This is yet another good quality RunCam 4K product that is meant for drones but can compellingly be ported to RC cars. It boasts video stabilization that is almost a must for RC cars but the downside is that it can be quite complicated to install. For a start, you need to get a separate 4-pin power cable. The good news is that there’re lots of YouTube tutorial videos teaching you how to solder up. You may need a voltage regulator such as the Matek BEC, if you want to step down the voltage from your multiple S’s lipo battery to 5V or 9V.

Similar to RunCam Split, it supports a micro SD card (up to 256 GB) and 4K digital video recording. Its price is also more or less the same as its cousin. The good thing about this device is that it comes with a ready-made case. This means you don’t need to worry about exposing the circuitry of your camera or transmitter to the dirt or dust that we are so used to when driving RC cars. It even comes with an ND lens filter which doubles up as a lens cover. However, if you wish to further protect this precious camera, you can order additional case for it.

Conversely, it is slightly heavier (16g) than RunCam Split (10.2g) and larger in size. Mounting this camera on the body of your RC car should not be an issue since this camera comes with mounting legs. But do note that these holes are smaller than the ones used in GoPro or standard cameras. Nonetheless, they should let you mount with a screw and a nut on your RC chassis.


  • High-quality FPV camera with 4K digital recording
  • Works with most analog FPV goggles
  • Comes with video stabilization via Gyroflow
  • Comes with its own case


  • The price is above $100
  • May need to purchase additional wires and connectors
  • May need to do soldering

Choosing Video Transmitters

If you opt to receive live video feed from your RC car to you via FPV goggles or UVC receiver, you need to include a video transmitter in your FPV setup. Its purpose is to broadcast the video images received from the camera to your goggles or monitor wirelessly. These transmitters are usually made out of a small printed circuit board (PCB) and attach with an antenna.

Matching the right frequency

Every video transmitter broadcasts its signals at a specific frequency. In the RC or drone world, you’d often see 5.8GHz or 2.4Ghz. These are the frequencies that are considered license-free, meaning manufacturers and you don’t have to pay a fee to your government to use them. This is why WiFi and Bluetooth devices also use these identical frequency bands.

It’s imperative that you choose the video transmitter that uses the same frequency as your FPV goggles or receiver.

Matching the right antenna

An antenna is crucial because its purpose is to radiate the video signal from your RC to your goggles or receiver. However, selecting the right antenna can be a headache since you’d often be spoilt with dozens of choices – linear, circular left-hand polarized, circular right-hand polarized, etc. So let’s keep things simple. For RC vehicles, a straight linear antenna is sufficient and you don’t necessarily need a mushroom or circular antenna that you often see on drones. The reason is your RC car often stays flat on the surface, unlike drones which would roll or perform loops which gives cause to use circular antennas.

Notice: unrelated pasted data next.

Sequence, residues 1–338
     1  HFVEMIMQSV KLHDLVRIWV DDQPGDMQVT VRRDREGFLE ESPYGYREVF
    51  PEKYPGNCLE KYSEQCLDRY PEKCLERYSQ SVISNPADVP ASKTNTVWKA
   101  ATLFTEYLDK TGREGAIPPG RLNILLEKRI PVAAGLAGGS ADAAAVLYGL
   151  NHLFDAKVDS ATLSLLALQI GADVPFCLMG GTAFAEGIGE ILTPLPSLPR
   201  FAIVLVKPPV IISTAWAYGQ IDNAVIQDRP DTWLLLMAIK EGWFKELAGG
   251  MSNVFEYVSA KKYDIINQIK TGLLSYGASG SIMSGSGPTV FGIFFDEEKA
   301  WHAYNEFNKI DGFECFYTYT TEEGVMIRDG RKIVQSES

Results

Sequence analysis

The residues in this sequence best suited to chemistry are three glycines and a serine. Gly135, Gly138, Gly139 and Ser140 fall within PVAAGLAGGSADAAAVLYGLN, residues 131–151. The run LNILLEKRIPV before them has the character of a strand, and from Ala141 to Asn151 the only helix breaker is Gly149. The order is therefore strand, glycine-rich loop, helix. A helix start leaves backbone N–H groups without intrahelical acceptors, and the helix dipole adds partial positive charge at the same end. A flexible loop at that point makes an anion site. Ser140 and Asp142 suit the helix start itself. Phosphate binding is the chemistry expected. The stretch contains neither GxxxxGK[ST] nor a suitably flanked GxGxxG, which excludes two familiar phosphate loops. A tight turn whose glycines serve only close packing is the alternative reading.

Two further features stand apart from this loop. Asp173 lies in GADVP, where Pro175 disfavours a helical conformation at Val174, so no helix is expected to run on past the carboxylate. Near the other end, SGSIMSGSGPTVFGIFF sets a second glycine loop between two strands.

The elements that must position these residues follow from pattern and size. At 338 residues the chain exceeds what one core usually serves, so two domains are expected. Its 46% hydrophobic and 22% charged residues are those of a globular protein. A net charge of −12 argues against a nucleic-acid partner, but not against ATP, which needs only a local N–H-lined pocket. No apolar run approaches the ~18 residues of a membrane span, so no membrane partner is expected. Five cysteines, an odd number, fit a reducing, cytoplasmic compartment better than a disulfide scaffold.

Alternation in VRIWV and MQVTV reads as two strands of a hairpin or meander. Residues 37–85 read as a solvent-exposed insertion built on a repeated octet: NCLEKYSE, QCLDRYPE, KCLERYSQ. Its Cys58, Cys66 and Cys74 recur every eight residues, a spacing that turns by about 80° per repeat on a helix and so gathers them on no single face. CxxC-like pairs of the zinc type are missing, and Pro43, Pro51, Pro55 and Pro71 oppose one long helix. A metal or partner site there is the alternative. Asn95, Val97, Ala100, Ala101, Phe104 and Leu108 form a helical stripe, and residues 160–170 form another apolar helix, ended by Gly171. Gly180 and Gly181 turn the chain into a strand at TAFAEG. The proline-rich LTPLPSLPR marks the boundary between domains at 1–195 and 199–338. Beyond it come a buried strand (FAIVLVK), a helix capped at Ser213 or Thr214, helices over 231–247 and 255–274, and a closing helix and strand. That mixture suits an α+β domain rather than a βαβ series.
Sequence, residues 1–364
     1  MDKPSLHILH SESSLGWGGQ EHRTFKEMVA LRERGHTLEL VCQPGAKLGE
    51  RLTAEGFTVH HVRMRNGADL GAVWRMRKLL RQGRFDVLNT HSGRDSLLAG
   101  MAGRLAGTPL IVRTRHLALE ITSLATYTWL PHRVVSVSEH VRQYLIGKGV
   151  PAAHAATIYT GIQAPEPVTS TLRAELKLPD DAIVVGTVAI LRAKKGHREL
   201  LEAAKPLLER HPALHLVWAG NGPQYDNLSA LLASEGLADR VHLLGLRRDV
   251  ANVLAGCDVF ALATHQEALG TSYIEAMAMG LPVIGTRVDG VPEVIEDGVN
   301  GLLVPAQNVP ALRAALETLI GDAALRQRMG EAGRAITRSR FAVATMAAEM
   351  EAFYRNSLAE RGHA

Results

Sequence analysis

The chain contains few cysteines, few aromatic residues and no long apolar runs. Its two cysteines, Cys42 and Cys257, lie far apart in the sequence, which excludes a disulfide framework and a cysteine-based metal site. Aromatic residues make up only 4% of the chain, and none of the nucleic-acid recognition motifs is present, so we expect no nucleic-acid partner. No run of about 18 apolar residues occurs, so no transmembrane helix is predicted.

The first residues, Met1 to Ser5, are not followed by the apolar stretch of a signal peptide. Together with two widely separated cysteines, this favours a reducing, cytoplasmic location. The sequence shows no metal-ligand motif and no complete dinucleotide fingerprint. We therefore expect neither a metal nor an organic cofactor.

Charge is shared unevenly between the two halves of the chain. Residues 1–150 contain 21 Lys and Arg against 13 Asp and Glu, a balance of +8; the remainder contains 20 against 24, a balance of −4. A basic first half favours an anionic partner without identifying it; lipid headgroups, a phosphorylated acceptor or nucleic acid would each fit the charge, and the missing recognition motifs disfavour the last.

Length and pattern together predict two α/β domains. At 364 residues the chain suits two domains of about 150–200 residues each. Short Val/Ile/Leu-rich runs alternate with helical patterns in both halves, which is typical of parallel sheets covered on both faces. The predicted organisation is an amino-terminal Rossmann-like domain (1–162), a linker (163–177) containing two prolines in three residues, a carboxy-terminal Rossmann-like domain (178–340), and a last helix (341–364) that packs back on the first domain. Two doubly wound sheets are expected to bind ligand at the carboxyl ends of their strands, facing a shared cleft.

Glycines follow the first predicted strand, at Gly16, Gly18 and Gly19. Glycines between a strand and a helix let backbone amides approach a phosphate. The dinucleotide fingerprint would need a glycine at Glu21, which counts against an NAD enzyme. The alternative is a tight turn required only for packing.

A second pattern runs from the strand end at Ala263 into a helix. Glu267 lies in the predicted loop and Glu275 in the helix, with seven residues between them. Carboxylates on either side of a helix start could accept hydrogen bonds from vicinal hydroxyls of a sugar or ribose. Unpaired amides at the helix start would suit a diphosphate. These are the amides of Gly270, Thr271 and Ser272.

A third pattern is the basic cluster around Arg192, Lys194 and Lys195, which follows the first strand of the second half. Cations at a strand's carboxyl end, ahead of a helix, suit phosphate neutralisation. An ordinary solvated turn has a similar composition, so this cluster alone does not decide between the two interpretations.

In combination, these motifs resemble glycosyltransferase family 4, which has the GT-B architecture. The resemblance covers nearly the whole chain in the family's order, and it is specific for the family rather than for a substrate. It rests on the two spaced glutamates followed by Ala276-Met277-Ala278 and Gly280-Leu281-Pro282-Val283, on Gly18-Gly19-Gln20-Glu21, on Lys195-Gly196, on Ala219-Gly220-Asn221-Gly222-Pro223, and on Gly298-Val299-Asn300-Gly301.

The type of antenna you install on your RC and your goggles (or receiver) should be linear.

A 5.8GHz TS5823 video transmitter with a linear antenna

Choosing FPV Goggles

Most analog goggles work with any analog video transmitters. You just have to make sure they use the same frequency, which is usually 5.8Ghz. Goggles are often divided into these categories.

  • Single screen  – box goggles
  • Double screen – binocular goggles
  • With or without digital video recorder (DVR)

We do not cover the famous DJI goggles that looks like Kamen Rider because that headset is based on a digital system and much more costly than analog. We want to maintain a low barrier of entry.

FPV goggles are probably the most significant investment you have to commit when doing FPV. Prepare to fork out at least 100 dollars.

Single-screen FPV box goggles

Single-display headsets are basically one piece of screen attached to a head strap, with a couple of antennas protruding from it. They are often referred to as box goggles. It doesn’t come with two screens such as those you find in binocular goggles or your typical VR goggles.

It typically feels like looking into your mobile phone screen close to your eyes. Reminds us of the cheap smartphone VR adapter we saw at gadget stores. Some claim the experience of using these headsets is like being at the cinema.

They are always cheaper than the binocular counterpart since they only incur the manufacturing cost of installing one single screen. 

Eachine EV800D FPV Goggles For RC Car
The popular Eachine EV800D goggles for around $100

The most popular box goggles in the market has to be Eachine EV800D thanks to its low-price ( around $100) and adequate features. There are two versions – one with digital video recording (hence the “D” designation) and one without.

Double-screen FPV binocular goggles

Usually used by hardcore drone pilots, these headsets have two screens – one for each eye. They are more costly than single-screen goggles. Most claim they offer a more realistic VR experience than the box version but this claim is sometimes opinionated.

Popular binocular goggles out there are those from Fatshark, BetaFPV, SkyZone, Eachine and more but prepare to invest more than $200 or more to acquire a decent pair.

With or without digital video recorder (DVR)

Without a doubt, adding a video recording function to a headset will add to the cost. Thus, you would want to decide if you truly need a recorder to come with your FPV goggles especially when your camera setup may already have one.

You may choose to have a built-in recording system with your camera instead of the one with your goggles simply because you get far better video quality when recording it directly from your camera since the footage is pure digital. On the other hand, a digital recorder on a headset actually records your analog video in digital format. So you get lesser video quality which is from analog signal.